Kea’s ok.

    But constantly taking the Bible out of context, and then asking Christians to explain it really is a waste of time.

    And taking the stance that the US has no other interest outside of the US -other than war mongering- is also a waste of time.

    Any US ships currently helping to search for that lost plane off the Australian west coast would be some sort of ‘invasion’ or ‘anti[ type in country/religion/poliety] hysteria’ to Kea.

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  267. big bruv (13,296 comments) says:

    “But constantly taking the Bible out of context, and then asking Christians to explain it really is a waste of time.”

    Because they might be forced to face the fact that it is a work of fiction?

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  268. mikenmild (10,732 comments) says:

    I do love bigoted bruv’s opinion of me, of whose life he knows nothing. Here’s looking at you, while drinking a Lion Red in my Pomare abode.

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  269. nasska (10,674 comments) says:

    Harriet

    Regardless of whether you agree with them, some commenters here such as Kea, Reid or UT hold views different to the majority. By expressing them they challenge other readers/commenters to justify their own opinions even if only to themselves.

    Vive la difference….it keeps boredom & complacency at bay.

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  270. ShawnLH (3,418 comments) says:

    “Kea’s ok.”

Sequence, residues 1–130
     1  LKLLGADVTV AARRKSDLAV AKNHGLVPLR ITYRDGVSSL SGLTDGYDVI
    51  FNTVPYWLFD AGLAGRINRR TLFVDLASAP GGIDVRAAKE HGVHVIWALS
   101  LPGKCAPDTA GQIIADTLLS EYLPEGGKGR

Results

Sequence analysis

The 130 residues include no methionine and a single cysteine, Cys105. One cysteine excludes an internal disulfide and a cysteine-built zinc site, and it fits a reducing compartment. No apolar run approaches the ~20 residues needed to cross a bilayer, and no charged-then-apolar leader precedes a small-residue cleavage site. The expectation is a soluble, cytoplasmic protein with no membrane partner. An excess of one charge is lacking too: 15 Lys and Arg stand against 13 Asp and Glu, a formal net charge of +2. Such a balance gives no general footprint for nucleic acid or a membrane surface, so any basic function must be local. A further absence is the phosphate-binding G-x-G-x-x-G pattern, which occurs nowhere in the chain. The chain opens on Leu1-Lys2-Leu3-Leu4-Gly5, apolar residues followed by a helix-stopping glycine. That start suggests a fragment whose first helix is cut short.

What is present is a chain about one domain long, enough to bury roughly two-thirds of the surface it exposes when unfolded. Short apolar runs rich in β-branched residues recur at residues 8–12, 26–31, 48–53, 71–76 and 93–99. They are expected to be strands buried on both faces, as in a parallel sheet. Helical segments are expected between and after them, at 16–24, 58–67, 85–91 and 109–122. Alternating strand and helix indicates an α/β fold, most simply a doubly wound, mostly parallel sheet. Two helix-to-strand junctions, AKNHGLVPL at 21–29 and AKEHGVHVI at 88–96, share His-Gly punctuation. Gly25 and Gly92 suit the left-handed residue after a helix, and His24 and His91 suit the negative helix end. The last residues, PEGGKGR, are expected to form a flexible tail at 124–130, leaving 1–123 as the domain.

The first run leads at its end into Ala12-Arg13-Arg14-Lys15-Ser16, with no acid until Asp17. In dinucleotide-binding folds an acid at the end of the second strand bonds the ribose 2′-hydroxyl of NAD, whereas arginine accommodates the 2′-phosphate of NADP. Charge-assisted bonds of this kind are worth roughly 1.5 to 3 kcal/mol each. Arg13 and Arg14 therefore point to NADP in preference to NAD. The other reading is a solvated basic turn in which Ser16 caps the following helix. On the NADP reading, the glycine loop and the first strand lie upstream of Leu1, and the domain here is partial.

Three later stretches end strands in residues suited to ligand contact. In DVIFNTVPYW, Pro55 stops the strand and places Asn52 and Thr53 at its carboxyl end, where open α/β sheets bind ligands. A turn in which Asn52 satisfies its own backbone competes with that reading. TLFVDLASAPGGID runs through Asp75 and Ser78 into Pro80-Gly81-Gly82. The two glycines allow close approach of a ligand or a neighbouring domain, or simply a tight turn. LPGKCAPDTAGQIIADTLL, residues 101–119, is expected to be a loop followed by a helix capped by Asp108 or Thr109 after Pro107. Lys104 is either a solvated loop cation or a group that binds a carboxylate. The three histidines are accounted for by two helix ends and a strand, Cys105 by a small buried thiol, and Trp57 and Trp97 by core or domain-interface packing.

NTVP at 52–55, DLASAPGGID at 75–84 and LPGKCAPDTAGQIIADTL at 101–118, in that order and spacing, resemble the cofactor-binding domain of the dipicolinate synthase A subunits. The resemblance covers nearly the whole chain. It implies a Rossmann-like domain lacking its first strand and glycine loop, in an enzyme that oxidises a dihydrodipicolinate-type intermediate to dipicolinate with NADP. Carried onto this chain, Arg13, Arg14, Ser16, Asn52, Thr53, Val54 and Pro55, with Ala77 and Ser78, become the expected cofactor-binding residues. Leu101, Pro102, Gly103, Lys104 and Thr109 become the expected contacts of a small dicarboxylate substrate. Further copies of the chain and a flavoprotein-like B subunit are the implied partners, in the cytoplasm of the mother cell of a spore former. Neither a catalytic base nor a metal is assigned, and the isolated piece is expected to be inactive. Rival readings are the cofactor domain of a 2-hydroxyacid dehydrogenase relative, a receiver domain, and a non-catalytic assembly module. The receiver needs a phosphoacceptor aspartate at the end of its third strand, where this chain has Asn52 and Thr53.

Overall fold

I looked up some past threads to see what the fuss was about.

    Gotta say, hope he/she stays away.

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  271. RF (1,272 comments) says:

    I hear that the useless Mickey Savage is no longer cunliffes companion after the poor legal advice he has been spouting.

    Must really hurt but then again he is a follower not a leader. Methinks he had ideas above his station that have been brought to a shuddering halt.

    I suspect he will soon try and buy his way back into cunliffes camp by making statements about J K that will be very untrue.

    Yesterday’s mouse.

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  272. big bruv (13,296 comments) says:

    Yeah right mike.

    Did you have to look on a map to find Pomare?, did it give you directions from any one of the KKK suburbs to Tiata?

    You really should back the Range Rover out of the garage at the weekend and take a drive out there, it might pay to lock the doors though when you drive through.

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  273. mikenmild (10,732 comments) says:

    You have no idea big bruv, simply no idea. Goes with your generally clueless comments in general, I suppose.